The ancient tradition that the world will be consumed in fire at the end of six thousand years is true, as I have heard from Hell. For the cherub with his flaming sword is hereby commanded to leave his guard at the tree of life, and when he does, the whole creation will be consumed and appear infinite and holy whereas it now appears finite & corrupt.
This will come to pass by an improvement of sensual enjoyment.
But first the notion that man has a body distinct from his soul is to be expunged; this I shall do, by printing in the infernal method, by corrosives, which in Hell are salutary and medicinal, melting apparent surfaces away, and displaying the infinite which was hid. If the doors of perception were cleansed every thing would appear to man as it is, infinite. For man has closed himself up, till he sees all things thro’ narow chinks of his cavern. — Blake, The Marriage of Heaven and Hell

Although somewhat cryptic, it is not indecipherable. Whether Blake actually believed the world was only 6,000 years old isn’t entirely clear. There are other passages which suggest he considered the earth far older, and that by “6,000 years” he means the present world age. If so, this 6,000 years would correspond to the Hindu “Kali Yuga“, or the last and most degenerated of the four stages of the cycle of the yugas or ages, and which is indeed presently approaching its endgame in calendar terms — the lowest descent or nadir of the cycle. In those terms, it would mean, equivalently, that the next or ascending stage of the cycle would be in process of preparation or formation now — as the incipient presence of the future. That latent or incipient presence of the future in process of manifestation or epiphanisation is something the cultural philosopher Jean Gebser also shares with William Blake, which Gebser calls the “irruption” of “integral consciousness”.

Here, for the moment, we need to focus on the significance of Blake’s apparent repudiation of the principle of universal equality, which bothers those inclined towards the ideals of the universality of liberal democracy. Blake was, nonetheless, as opposed to the liberalism of a John Locke as he was to the conservatism of Edmund Burke (sensibly, as he saw delusion everywhere). Still, it seems on the surface difficult to reconcile with his active participation in revolutionary and republican circles and in his association with the revolutionist Tom Paine, author of The Rights of Man (1791), whose life Blake providentially saved at one time.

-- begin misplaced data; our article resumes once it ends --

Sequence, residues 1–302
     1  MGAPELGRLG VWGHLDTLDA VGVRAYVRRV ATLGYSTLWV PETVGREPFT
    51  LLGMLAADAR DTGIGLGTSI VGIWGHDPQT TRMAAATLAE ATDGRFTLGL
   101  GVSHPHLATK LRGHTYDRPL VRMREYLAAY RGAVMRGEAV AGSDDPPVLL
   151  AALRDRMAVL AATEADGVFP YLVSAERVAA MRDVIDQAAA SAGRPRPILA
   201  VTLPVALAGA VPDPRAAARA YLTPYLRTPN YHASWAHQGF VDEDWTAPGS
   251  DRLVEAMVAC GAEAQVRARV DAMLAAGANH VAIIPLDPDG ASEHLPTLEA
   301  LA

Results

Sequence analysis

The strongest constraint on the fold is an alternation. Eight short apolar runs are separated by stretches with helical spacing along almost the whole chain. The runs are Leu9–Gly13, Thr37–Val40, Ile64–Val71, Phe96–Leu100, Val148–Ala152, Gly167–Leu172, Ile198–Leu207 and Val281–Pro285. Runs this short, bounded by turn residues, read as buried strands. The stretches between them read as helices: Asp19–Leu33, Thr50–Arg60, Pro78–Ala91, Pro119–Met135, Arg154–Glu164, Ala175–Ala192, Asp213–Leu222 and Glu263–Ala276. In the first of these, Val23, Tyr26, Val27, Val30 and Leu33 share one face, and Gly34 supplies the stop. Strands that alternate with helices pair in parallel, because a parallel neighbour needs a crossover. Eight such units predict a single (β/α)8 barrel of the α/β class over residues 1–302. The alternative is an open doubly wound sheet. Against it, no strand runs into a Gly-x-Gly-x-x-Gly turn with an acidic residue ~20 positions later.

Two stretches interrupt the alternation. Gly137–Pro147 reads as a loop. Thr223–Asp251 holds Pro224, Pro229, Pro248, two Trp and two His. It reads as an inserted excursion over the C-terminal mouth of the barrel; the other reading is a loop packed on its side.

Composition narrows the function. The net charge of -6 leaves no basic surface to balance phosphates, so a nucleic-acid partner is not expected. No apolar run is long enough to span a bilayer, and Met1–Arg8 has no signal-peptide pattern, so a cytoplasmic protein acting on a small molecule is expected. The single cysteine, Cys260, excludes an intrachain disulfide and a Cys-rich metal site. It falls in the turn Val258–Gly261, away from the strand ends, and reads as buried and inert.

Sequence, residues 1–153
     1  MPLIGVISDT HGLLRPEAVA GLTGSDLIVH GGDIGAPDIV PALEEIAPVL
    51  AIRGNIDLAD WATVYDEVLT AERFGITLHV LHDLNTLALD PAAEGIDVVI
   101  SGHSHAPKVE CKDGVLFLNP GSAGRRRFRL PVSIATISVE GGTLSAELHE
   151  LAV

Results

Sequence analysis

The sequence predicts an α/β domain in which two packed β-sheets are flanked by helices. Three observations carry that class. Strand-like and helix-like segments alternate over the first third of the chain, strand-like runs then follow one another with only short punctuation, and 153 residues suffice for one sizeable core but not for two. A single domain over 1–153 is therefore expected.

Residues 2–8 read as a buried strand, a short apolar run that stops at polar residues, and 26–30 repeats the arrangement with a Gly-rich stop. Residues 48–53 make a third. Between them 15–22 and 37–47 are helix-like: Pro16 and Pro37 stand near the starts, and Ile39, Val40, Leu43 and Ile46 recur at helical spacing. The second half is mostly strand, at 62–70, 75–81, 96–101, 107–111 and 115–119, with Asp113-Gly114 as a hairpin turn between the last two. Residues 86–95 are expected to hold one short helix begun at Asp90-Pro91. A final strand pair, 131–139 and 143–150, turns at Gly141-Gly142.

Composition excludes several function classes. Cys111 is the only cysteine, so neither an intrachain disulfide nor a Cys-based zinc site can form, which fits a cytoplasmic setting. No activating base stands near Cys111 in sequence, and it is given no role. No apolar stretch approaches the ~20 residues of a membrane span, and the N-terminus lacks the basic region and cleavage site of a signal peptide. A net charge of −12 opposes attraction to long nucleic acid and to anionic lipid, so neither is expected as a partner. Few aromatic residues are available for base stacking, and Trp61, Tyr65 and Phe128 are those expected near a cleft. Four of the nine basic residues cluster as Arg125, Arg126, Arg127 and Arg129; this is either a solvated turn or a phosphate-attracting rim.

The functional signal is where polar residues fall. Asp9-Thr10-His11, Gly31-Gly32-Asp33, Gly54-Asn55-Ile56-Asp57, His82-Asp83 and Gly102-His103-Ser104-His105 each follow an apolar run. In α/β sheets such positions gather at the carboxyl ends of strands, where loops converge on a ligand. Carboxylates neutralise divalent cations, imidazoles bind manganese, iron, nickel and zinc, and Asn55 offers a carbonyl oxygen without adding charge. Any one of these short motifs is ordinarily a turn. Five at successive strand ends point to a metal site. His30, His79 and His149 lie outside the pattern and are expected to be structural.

But given Blake’s enlarged and flexible senses, it is very likely that Blake saw in the revolutionary turmoils of his time the first stirrings of the repressed and oppressed primordial man — the awakening of “Albion” from millennia and eons of stony sleep, and the loosening of Urizen’s iron grip on the soul of mankind. If he was disappointed and even horrified with the outcome, that doesn’t negate the value of his perception in that respect. His insight into the forces and passions at work in the psyche was essentially true, even if he could not foresee the course they would take. He was a prophet, not a fortune-teller. He saw in the upheavals of his age a revelation of eternity irrupting within the matrix of time.

Blake’s disdain for the conservative’s “natural order of things” as well as liberalism’s “universal equality” arises from the same sensibility. Both are but two branches of the same root delusion and deception, and both lead, invariably, to the same place — the Machine, an image of society as a “natural order” or as an aggregation and sum of equally interchangeable parts and components, none having any more significance than any other part. Both end in “System”, as distant psychologically from a true spiritual order as can be reached.

“One law for the lion & the ox is oppression” is reflected in another of Blake’s “Proverbs of Hell” which runs “The eagle never lost so much time as when he submitted to learn of the crow”. There is, here, no condescension, no “equivalence” of the eagle and the crow. The caw of the law. Eagle and crow are not interchangeable units even though one can generalise both as “birds”. And that is liberalism’s error, as far as Blake is concerned — generalisation.